All intrauterine devices, not just the discredited Dalkon Shield, can cause infection and infertility in a substantial number of the 2 million or more American women who use them, the Journal of the American Medical Association will report today.

The IUD is one of the most popular contraceptive methods among women who want continuous protection but want to avoid the potential problems associated with birth control pills.

However, the risk of pelvic inflammatory disease is nine times greater among current IUD users than among women who rely on other contraceptives, the AMA Journal article states.

Pelvic disease is a common cause of infertility in women. Doctors have reported a sharp increase in infertility during the years of IUD use, although sexually transmitted diseases, not IUDs, are the leading cause of pelvic disease.

The risk of the disease is greatest among users of the Dalkon Shield, an IUD whose manufacture was halted in 1974 because of many complaints by users and doctors of ill effects. What has not been clear in the past, however, is the risk in using other IUDs, the article says.

The report was written by a group of eight statisticians and doctors from Boston University, Harvard University and the University of Pennsylvania, headed by Dr. David Kaufman of Boston University's Drug Epidemiology Unit.

They studied 460 women under 45, of whom 155 had suffered pelvic disease and 305 had not. They found that nine of the 11 women who had used the Dalkon Shield had developed severe pelvic disease.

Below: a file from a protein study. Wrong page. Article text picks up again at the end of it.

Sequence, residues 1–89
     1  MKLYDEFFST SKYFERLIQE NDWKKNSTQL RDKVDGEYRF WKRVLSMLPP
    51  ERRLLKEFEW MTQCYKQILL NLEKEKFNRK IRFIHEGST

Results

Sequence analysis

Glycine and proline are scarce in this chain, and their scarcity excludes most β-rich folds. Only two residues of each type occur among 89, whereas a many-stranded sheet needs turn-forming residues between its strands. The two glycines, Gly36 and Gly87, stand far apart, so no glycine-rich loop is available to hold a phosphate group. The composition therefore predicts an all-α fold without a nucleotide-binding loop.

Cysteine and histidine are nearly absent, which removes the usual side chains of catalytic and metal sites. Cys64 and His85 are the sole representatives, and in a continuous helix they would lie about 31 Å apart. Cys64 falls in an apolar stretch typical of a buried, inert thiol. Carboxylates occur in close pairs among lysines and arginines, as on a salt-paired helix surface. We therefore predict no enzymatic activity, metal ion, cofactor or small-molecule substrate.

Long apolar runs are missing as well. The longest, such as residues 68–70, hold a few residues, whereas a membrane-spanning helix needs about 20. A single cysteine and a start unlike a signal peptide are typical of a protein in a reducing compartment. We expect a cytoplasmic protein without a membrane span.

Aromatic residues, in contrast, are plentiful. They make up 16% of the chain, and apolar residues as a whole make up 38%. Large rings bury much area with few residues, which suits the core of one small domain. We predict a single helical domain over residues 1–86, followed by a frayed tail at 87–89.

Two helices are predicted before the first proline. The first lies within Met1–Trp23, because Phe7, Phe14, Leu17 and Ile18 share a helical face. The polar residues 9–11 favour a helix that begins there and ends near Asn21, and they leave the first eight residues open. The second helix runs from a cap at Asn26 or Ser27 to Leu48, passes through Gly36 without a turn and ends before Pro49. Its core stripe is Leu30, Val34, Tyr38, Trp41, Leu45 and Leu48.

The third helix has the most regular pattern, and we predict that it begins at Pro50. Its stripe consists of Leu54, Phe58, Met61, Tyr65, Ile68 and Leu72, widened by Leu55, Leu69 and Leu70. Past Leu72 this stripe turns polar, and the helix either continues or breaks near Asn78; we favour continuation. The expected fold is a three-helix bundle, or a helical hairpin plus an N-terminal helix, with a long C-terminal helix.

But 12 out of 40 women, or 30 percent of those who had used one of the popular copper IUDs, had also contracted severe forms of the disease. So had nine out of 32 women, or 28 percent, of those who had used another popular IUD called the Lippes Loop.

These figures may be overestimates because of the nature of the statistical sample, said Dr. Peter Layde of the federal Centers for Disease Control. Still, he added in an AMA Journal editorial, the study confirms the increased risk of pelvic disease for all IUD users. He estimated in an interview that IUD users have "roughly double" the risk of developing the disease compared with women who use no contraception.

The risk would be somewhat less for those who do not use the Dalkon Shield, he said, but somewhat greater compared with users of oral contraceptives or so-called barrier contraceptives such as condoms and diaphragms. Both birth control pills and barrier contraceptives seem to provide a degree of protection against pelvic disease.

Ten to 20 percent of all cases of pelvic disease may be caused by IUDs, compared with the 50 to 75 percent related to sexually transmitted diseases, he estimated.

Somewhere between 10,000 and 100,000 women still use the Dalkon Shield despite repeated warnings, he added. He said they should replace it with another IUD or use another birth control method.

The American College of Obstetricians and Gynecologists has called IUDs "acceptable" for many women. But Dr. Prabodh Gupta, a Johns Hopkins University pathologist who has studied IUD use, said last year that "there is no safe IUD."

At most, IUDs should be used only by women who have already delivered the children they want and may be planning eventual sterilization, Gupta said yesterday. Most doctors, said Layde of the CDC, now avoid prescribing the IUD for the women facing the highest risk of pelvic disease--"younger women and women who are sexually active with more than one partner."

Any woman using an IUD should have a pelvic examination yearly, Gupta said, and be alert for signs of pelvic disease: pain or tenderness in the pelvis or lower abdomen, vaginal discharge or fever, "although fever usually means quite a serious, late stage of infection."